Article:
Since you are limited on funds you may want to seek treatments from a university hospital in your area and/or if you qualify apply for Medicaid (www.medicaid.gov) or Medicare (www.medicare.gov).
There are assistants out there you just need to be directed to the proper areas.
We are not physicians but rather lay people who suffer from chronic spine issues and live with limited financial statue ourselves.
When you set up your account with WEBMD you agreed to the terms and guidelines set forth which those are to not list personal information of ourselves, personal information relating to a physician and/or hospital. One of the biggest guidelines is there cannot be any type of ads/spam etc.
Since you do not have WEBMD's permission to advertise your cause I'm afraid it will be marked for removal.
It may be a good idea for you to send emails out to your friends/relatives and to also set up a separate Facebook page for the raising of funds.
I must say you have had quite a few operations with numerous areas fused!!
It is encouraging to hear from members outside of our "norm" of chronic pain sufferers. And to hear if the success if your fusions is really fantastic.
I can honestly say the 2 fusions I've had were a success to the extent it has stabilized my spine which is the main focus of a fusion. My problem is my pains are much worse than before each fusion. You can click on my name or pic and read my story.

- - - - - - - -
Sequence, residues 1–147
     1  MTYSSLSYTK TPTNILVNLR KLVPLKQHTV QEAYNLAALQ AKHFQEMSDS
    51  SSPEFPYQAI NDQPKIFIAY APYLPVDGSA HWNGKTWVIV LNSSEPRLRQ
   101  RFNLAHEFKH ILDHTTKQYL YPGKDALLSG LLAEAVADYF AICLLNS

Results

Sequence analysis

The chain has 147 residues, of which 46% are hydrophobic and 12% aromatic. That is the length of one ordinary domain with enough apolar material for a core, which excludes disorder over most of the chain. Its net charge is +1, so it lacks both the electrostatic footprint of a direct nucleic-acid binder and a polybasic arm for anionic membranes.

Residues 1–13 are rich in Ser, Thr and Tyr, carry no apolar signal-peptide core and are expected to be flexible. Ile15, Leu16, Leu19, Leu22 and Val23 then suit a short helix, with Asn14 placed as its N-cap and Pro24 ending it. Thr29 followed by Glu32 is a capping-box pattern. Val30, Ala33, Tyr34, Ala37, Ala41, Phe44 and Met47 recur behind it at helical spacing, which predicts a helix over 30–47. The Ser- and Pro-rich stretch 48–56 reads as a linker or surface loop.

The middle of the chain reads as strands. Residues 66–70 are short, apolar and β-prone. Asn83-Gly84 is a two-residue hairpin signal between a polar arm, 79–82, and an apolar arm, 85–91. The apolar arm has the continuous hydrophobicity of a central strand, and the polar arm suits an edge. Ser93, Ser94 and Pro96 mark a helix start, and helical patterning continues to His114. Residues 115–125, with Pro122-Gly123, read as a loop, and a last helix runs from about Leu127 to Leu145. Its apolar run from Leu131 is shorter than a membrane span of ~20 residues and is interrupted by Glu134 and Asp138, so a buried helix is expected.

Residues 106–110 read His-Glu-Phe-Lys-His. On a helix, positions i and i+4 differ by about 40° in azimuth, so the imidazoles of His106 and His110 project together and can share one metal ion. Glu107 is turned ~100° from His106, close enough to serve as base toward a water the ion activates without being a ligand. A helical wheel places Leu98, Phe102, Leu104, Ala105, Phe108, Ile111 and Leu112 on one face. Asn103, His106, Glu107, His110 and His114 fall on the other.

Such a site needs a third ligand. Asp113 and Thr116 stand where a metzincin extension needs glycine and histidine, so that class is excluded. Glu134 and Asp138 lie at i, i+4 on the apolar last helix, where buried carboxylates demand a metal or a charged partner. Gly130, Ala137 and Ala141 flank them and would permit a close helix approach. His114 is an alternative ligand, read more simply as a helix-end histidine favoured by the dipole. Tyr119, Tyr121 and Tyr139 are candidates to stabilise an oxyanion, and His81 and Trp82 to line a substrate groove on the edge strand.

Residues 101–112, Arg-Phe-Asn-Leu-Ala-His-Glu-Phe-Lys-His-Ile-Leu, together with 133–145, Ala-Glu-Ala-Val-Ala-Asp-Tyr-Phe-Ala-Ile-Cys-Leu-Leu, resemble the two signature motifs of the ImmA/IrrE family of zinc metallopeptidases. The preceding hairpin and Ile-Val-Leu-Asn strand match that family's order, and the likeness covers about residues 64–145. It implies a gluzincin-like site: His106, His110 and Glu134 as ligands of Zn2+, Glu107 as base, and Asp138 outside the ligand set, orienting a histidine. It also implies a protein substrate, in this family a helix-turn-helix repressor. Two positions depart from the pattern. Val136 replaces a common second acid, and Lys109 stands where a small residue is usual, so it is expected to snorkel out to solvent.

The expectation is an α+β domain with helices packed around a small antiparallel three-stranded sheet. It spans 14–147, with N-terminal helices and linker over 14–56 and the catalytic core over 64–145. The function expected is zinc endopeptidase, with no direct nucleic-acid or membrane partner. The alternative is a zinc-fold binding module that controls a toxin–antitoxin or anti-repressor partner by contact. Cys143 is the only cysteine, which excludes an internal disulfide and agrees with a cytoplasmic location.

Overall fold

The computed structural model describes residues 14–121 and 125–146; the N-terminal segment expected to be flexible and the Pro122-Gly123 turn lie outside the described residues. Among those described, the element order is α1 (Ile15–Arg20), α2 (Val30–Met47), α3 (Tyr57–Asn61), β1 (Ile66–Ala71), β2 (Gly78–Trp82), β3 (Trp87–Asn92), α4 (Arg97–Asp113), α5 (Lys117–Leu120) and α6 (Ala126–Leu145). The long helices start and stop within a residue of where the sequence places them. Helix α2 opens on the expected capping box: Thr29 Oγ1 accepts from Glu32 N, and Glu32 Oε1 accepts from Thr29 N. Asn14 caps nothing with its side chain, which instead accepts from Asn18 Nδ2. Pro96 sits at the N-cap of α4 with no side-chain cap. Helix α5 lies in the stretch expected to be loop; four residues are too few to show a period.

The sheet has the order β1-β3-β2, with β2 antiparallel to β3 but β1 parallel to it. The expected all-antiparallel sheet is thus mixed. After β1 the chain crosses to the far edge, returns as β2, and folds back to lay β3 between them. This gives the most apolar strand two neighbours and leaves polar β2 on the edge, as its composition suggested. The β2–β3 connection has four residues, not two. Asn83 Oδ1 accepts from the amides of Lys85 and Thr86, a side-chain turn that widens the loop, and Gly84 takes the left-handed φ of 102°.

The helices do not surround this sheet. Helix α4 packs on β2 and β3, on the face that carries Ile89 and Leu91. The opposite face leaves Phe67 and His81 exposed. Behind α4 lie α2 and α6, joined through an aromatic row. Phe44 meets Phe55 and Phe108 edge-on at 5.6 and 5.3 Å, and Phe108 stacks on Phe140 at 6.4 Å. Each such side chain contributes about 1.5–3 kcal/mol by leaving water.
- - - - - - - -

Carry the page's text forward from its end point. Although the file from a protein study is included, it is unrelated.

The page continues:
Sometimes the nerve pains could be from an underlying problem - meaning a disc(s) could be bulging and pressing on the nerve roots causing the pains.
It's best to start out seeing a spine specialist - Orthopedic or Neurosurgeon Spine Specialist. They will examine you and order tests (X-rays, MRI's or CT Scans etc) and give you an accurate diagnosis.
Seeing a good pain management specialist is good to as they do go deeper into pain management and treat from the source of the pain instead of the pains itself. I see a PHYSIATRIST Pain Specialist
In regards to Gabapentin - what milligram are you taking? How did you start out on it?
This medication is one that needs to be started out slowly - usually 300 mg a day for a week or two to get used to the side effects - which do go away after about 2 weeks. Then the dose is increased slowly until a therapeutic dose is reached - usually around 2400mg a day.
I take this and am at the limit - 3600mg daily (1800 twice a day).This is the best therapeutic dosing to be reached as I do have permanent nerve damage in both legs. It does help with the nerve pains but there is nothing that can help with the numbness. Since my last back surgery (12/4) I have been having more problems as it looks like my L3-4 disc has bulged and is pressing on a different nerve root.
Oh it might help you to understand the nerve roots and which discs affect the different parts of the legs.